U.S. Offers No Concrete Steps Toward Implementing McCain Ban on Cruel, Inhuman and Degrading Treatment

(New York, May 5, 2006) – In the final day of its appearance before the UN Committee against Torture, the United States Government failed to provide a concrete plan for preventing all U.S. officials from using cruel, inhuman and degrading treatment in interrogations of detainees in U.S. custody.  Abusive interrogations are banned by the McCain Amendment, which was passed by Congress last year. This law reaffirms the U.S. government’s obligation under the Convention Against Torture, but the administration has yet to make clear what the law means in practice.

“In light of the widespread abuse of detainees in U.S custody, which Human Rights First and others have documented, the continued failure of the United States to implement the law banning cruel treatment by all U.S. officials remains deeply troubling,” said Gabor Rona, Human Rights First’s International Legal Director.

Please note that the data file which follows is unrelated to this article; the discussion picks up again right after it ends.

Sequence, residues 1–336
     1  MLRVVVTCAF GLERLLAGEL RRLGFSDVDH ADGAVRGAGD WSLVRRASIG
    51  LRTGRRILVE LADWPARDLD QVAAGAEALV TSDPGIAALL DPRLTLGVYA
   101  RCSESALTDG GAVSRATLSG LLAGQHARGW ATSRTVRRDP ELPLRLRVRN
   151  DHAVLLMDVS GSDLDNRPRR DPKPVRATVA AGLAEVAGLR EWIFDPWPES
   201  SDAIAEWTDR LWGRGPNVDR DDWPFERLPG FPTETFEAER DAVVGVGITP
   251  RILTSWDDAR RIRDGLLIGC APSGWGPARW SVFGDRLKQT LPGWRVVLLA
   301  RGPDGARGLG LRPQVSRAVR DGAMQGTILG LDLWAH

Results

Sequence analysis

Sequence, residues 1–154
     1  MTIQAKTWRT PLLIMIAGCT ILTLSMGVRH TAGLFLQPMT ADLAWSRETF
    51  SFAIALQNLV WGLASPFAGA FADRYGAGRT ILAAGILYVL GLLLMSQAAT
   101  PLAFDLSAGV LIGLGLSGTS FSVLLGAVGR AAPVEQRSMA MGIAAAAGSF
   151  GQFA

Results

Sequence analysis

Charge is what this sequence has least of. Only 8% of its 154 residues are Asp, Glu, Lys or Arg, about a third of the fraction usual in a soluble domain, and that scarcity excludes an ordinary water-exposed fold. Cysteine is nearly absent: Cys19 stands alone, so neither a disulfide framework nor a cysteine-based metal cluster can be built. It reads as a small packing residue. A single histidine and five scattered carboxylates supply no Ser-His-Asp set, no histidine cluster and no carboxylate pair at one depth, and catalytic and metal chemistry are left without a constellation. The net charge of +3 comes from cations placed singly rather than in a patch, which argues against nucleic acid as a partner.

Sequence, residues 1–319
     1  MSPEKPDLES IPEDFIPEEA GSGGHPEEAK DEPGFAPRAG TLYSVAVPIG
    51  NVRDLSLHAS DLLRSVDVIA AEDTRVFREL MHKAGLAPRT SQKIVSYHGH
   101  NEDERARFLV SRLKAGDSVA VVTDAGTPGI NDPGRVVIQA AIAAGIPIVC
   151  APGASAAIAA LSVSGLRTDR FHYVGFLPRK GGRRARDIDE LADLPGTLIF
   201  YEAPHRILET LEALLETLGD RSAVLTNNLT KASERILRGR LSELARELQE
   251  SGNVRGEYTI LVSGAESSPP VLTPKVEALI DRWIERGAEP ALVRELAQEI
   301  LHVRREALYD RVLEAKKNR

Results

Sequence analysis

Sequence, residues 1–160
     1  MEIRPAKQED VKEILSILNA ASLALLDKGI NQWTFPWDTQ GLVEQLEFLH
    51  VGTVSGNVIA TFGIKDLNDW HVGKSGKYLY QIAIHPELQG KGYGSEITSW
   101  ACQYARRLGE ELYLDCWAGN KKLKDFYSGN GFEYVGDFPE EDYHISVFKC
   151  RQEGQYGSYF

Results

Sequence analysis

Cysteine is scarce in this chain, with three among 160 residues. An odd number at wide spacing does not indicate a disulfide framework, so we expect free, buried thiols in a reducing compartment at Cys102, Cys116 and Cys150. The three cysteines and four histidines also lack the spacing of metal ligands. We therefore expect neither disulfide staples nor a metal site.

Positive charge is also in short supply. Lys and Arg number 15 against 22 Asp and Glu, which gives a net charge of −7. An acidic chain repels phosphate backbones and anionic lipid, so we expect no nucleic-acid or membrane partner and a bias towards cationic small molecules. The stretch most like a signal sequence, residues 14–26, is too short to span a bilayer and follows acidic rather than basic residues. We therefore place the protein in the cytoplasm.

Human Rights First has documented nearly 100 deaths in U.S. custody, only 12 of which resulted in any kind of punishment.  The Pentagon has classified 34 of these cases as homicides. Human Rights First has documented eight cases where detainees in U.S. custody were tortured to death.

“Human Rights First has urged the U.S. Government to incorporate the McCain Amendment standard in its new Army Field Manual on interrogations,” said Mr. Rona.  “But unfortunately we received no such assurances at these hearings,” Rona said.

For more Human Rights First reports on the Committee’s hearings in Geneva, please visit /2006/05/03/u-n-convention-against-torture-observations/.


Published on May 8, 2006


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